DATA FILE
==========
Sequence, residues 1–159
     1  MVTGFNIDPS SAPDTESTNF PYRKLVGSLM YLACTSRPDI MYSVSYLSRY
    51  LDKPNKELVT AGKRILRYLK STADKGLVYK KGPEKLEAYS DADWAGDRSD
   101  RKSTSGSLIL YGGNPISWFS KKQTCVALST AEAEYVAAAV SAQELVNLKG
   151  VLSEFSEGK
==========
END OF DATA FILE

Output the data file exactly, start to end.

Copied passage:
Sequence, residues 1–159
     1  MVTGFNIDPS SAPDTESTNF PYRKLVGSLM YLACTSRPDI MYSVSYLSRY
    51  LDKPNKELVT AGKRILRYLK STADKGLVYK KGPEKLEAYS DADWAGDRSD
   101  RKSTSGSLIL YGGNPISWFS KKQTCVALST AEAEYVAAAV SAQELVNLKG
   151  VLSEFSEGK